You want the natural light to be the main light of subject. Your 160 sec speed makes the flash the main light and you cut out a lot of the natural. In ambiant light shooting the shutter speed is the main control of the light being used with F stop a close 2nd. With ambiant or continous light a slow shutter allows in more light,fast shutter reduces the ambiant light. With flash, high shutter speed does NOT reduce the flash in the photo, the F stop does. It is all a balance when mixing the two kinds of light.

Try 1/60 or 1/80 then match your ISO and F stop, then fill in with as little flash as you can. Always allow some slight shadows to appear, again the key is SLIGHT then you will no longer have that flat look you do now.This is another plus for off camera flash and another reason to have very minimal fill which will stilll allow some shadows.

Your WB is also looking on the Blue/cold side. I suggest doing a custom WB to get a better neutral color then adjust the RAW file in post if required.



Oct 22, 2012 at 06:32 PM
Michaelparris
Offline
• • • •
Upload & Sell: On
p.1 #5 · p.1 #5 · C&C Please! - Noob learning to fly on "M" with a D90


I think it is a bit too crowded and it needs to be pulled back to see some of the environment around the subject. Looks like you have some good BG bokeh that would have been pleasing to the photo. If this was on camera you might try rotating the head and bouncing the flash of a reflector because to me the catch lights are a little too direct.


Oct 22, 2012 at 07:49 PM
Chaosmonger
Offline

Upload & Sell: Off
p.1 #6 · p.1 #6 · C&C Please! - Noob learning to fly on "M" with a D90


-Mr. Rickards:
First off, thank you! I made the crop in PS. For no good reason I usually set the cropping tool to "photo ratio" on portrait style images to make printing it easy for non picture people (read my elderly in-laws ) I only have the built in flash as of yet. I'm still just happy I remembered to turn it on for fill flash. Obviously I need to learn how to use it better. I think I read in to D90 owners manual I can set the flash to "rear". My guess is this will tone it down a bit but I'll have to look it up.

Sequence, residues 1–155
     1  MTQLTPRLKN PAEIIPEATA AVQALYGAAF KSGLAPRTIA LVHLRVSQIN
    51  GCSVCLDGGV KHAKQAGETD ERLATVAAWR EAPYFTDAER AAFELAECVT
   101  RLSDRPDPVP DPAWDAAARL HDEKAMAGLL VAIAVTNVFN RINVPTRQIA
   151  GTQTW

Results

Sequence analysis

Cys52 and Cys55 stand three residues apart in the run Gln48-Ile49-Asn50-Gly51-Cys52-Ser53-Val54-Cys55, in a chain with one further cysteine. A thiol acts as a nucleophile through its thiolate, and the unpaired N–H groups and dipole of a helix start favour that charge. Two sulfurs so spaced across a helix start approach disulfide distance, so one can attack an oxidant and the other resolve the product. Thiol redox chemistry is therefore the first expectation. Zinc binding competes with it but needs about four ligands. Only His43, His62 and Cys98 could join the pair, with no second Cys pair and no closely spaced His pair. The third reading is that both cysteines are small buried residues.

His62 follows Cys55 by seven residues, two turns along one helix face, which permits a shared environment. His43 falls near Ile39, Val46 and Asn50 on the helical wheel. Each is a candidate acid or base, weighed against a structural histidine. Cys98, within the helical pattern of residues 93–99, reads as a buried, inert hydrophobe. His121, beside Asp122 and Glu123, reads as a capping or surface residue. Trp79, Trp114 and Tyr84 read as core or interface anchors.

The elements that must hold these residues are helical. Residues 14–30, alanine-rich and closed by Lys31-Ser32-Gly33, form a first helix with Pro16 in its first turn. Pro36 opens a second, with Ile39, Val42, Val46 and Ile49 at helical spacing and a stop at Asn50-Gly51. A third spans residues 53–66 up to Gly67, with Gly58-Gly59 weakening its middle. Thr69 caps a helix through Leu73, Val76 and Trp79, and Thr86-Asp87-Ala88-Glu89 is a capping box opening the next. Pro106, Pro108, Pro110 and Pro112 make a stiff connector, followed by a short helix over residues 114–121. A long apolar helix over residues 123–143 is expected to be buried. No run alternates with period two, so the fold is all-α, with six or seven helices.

Steady Hand:
Thank you also! Unfortunately I only have my laptop monitor at the moment. You are most correct though. Tilting the display forward or back even 1cm makes a different image.

Jefferies1:
Again, thank you! You just struck a chord with your statement "You want the natural light to be the main light of subject." In my own internal thought process I have been thinking about the aperature/depth of field I want first and setting the shutter speed to match using the internal light meter in the viewfinder display. If the shutter speed ends up being to slow to get a crisp image (chasing kids around) I just started popping up the flash. I remember the "Magic Lantern" tutorail DVD guy saying to keep the ISO set to 200 as you lose image quality by setting it any higher (more sensetive). From reading your C&C I think I need to understand the lighting I have available to me first and then set the camera to take advantage of it best using ALL available adjustments including raising the ISO to use less or no flash. You are the second person to mention my WB being cool. In police work that is called a clue!

Mr. Parris:
Thank to you also sir! I would have liked to have a little more of the trees in the background too. This was a sneak up snaphot of my neice and not a posed shot. Unfortunately any wider would have included my neighbors garage (a bit of it is in the shot on the right) and my ugly old pick up truck on the left. She is actually sitting on the tool box in the bed of it. Come to think of it, I bet I got a little extra from the flash bouncing off the rear window of the truck + direct flash. Hmmmmm....

Again, thanks to all!!! This is a great Forum and I appreciate everone taking the time to help me!

Kindest regards,




Oct 23, 2012 at 06:11 PM





FM Forums | People Photography | Join Upload & Sell

    
 

You are not logged in. Login or Register

Username   Password    Retrive password